Towards a Semantic Theory of Information
AbstractInformation can be understood as that which reduces uncertainty, no matter what origin it has. In the field of human communication, information is only meaningful if it is part of a finished or intentional action. Meaning should be gathered from the empirical perspective of the use of language. If we study the processing of signification through transmission of the normal use of language, we will see that it takes place communicating a set of prototype categories, the core or central facts, which defines meaning as empirical hypothesis. But if there are central facts showing the use of words, then other facts –more or less peripheral– should also exit, whose knowledge is necessary in order to communicate in contexts far away from the “denotative conceptual norm”. Hence meaning can be represented by a fuzzy subset of the universe of discourse partition set. This concept of meaning may be integrated in a formal model of semantic source and information may be measured by non-probabilistic entropy.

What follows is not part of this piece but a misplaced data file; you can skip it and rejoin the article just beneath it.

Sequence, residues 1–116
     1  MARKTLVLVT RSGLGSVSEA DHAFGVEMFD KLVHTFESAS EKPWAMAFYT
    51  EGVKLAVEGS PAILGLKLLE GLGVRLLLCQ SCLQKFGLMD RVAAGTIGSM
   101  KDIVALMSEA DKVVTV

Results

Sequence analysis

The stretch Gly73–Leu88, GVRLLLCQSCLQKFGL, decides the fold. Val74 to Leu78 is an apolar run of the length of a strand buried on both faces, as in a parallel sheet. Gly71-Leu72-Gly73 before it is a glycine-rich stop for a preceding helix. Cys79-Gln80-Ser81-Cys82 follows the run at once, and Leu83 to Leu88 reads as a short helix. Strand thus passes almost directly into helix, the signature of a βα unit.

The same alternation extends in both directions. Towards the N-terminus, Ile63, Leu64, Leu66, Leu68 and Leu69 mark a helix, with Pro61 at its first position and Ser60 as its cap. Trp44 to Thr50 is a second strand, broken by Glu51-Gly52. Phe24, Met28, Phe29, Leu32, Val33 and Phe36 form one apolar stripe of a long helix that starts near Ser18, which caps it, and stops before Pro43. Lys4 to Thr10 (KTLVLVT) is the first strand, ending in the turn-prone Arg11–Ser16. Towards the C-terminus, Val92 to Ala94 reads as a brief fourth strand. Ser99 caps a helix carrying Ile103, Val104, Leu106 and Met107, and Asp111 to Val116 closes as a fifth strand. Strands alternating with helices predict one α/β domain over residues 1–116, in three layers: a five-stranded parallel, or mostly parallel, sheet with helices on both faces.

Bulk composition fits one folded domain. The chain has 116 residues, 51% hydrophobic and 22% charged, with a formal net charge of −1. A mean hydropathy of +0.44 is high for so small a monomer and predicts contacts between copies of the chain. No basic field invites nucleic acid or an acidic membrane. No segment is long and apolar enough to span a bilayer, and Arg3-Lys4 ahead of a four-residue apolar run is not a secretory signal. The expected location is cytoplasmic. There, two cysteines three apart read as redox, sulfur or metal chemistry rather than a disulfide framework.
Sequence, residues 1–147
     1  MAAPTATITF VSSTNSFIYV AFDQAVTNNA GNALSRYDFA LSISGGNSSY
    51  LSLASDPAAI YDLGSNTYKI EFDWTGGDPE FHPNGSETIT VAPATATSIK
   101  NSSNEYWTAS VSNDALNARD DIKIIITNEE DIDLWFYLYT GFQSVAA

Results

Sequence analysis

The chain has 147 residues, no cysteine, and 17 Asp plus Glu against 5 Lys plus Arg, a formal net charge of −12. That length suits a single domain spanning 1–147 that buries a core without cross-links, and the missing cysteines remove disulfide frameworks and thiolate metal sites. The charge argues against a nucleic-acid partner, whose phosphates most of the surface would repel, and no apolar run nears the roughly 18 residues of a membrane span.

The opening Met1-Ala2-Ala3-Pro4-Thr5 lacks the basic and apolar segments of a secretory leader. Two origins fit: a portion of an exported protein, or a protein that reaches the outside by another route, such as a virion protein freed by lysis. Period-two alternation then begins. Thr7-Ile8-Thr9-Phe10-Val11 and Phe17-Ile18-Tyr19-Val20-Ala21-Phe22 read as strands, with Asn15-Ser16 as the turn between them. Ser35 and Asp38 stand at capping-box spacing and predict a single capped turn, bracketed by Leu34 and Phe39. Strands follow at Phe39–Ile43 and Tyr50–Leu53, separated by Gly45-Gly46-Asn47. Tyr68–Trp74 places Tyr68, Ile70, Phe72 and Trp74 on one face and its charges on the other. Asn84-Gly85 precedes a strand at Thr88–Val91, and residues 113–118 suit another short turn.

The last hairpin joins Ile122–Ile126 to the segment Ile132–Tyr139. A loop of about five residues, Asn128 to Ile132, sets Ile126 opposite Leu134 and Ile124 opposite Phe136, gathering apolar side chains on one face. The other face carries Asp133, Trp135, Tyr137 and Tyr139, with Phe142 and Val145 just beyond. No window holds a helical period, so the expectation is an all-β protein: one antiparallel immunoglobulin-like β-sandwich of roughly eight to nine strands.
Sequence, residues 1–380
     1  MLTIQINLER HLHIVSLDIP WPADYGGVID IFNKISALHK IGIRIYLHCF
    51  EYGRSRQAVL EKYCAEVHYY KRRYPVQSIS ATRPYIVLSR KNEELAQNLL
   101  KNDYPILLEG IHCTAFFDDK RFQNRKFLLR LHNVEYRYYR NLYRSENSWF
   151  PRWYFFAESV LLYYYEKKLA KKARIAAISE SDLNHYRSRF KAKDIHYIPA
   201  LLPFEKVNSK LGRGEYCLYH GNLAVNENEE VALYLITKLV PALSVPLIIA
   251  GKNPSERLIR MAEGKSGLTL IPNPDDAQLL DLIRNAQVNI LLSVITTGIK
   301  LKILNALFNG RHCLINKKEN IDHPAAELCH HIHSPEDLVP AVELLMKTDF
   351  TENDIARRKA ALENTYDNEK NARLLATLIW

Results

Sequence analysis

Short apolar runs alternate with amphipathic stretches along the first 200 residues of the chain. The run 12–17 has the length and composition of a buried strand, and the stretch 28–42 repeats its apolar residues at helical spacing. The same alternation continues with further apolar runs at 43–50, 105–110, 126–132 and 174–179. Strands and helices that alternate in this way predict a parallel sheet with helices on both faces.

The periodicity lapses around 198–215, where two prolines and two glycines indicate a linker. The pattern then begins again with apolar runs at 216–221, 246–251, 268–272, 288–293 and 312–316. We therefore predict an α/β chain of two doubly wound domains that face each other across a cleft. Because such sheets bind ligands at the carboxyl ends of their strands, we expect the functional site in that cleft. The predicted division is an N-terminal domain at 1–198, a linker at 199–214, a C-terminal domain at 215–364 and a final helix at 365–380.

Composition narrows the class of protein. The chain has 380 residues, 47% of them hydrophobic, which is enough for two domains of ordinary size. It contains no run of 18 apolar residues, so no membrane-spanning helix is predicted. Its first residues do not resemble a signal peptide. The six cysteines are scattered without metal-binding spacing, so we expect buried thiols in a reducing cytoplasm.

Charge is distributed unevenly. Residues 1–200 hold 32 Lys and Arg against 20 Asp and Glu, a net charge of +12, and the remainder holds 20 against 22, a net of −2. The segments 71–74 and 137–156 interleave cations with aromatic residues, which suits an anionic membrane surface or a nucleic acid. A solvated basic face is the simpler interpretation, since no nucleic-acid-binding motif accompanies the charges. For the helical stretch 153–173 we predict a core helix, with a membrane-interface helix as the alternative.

tripleC is a peer-reviewed, open-access journal (ISSN: 1726-670X). All journal content, except where otherwise noted, is licensed under the Creative Commons Attribution-NonCommercial-NoDerivs 3.0 Austria License.